Sacred geometry meets the digital age in Xylor Jane’s paintings, which she divides into squares, vectors and tessellations. They combine folk-magic feel with a computer-screen glow.
In certain works, Jane uses a grid of numbers that add up the same in every direction. In other instances, she explores the way the seconds in each day are micro-adjusted to coordinate time across the globe.
Magic Square for Finding Lost People is a luminous regression of nesting shapes and mathematical patterns. It contains triangles that puzzle together neatly corralled dots and an acidic rainbow palette that vibrates with psychedelic presence.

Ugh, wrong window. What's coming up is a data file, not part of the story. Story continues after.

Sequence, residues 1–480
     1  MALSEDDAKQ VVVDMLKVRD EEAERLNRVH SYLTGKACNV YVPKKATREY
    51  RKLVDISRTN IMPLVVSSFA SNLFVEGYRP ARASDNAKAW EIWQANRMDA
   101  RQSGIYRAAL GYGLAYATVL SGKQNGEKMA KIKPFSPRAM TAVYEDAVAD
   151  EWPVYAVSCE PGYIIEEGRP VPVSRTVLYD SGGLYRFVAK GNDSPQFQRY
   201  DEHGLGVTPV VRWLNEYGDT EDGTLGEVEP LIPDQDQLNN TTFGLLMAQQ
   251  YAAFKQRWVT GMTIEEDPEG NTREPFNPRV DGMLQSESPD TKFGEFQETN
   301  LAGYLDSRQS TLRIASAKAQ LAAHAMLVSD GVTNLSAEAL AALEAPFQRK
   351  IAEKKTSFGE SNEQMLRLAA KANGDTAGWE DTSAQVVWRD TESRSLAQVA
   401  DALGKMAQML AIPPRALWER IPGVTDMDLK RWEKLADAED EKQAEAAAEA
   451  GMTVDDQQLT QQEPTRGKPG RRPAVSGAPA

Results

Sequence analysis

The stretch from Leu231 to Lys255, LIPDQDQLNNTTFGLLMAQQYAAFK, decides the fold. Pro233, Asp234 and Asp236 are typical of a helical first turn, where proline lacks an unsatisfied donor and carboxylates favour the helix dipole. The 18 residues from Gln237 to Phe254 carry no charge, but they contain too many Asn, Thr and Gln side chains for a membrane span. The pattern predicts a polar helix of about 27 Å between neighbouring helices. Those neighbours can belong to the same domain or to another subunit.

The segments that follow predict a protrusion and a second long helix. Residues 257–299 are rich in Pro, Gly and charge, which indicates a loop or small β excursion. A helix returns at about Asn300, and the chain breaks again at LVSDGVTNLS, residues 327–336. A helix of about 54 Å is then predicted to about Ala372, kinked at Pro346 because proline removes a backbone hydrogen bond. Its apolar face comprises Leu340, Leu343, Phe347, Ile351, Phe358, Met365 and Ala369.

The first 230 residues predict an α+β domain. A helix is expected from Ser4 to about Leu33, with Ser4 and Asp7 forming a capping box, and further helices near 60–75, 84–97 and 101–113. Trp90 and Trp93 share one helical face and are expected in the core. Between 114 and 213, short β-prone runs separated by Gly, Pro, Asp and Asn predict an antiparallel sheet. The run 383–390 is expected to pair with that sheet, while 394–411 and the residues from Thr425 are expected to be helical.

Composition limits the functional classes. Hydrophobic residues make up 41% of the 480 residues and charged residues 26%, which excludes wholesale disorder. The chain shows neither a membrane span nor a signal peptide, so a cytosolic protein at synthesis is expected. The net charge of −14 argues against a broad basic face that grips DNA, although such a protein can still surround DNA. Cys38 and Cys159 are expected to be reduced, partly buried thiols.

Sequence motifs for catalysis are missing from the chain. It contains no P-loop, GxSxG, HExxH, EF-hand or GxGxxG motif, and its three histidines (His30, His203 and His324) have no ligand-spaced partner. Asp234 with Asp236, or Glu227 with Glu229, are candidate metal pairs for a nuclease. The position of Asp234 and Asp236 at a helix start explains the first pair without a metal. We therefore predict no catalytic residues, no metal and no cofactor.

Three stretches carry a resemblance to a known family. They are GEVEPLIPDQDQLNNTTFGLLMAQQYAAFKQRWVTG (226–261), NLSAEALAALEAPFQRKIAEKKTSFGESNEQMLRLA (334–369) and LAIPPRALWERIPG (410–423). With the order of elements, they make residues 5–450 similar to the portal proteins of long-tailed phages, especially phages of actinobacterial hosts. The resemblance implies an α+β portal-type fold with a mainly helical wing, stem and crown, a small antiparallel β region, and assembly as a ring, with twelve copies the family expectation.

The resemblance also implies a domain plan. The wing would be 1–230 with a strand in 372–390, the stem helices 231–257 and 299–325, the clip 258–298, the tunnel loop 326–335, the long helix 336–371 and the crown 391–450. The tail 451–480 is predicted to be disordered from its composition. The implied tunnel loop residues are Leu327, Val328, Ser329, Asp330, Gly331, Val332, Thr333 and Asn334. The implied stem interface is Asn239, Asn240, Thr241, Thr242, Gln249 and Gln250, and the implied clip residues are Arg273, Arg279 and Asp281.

In two pieces entitled Leap Second, she emphasizes the decorative and symbolic qualities of numbers, constructing them from radiant squares of color. The division of time into fleeting units seems like collective, obsessive-compulsive lunacy—though not lacking in occult significance.
Jane’s accumulation of tiny marks creates opportunities to meditate on the counting we do, the organizing and pattern tracking we hope will one day help to crack life’s code.—Jennifer Coates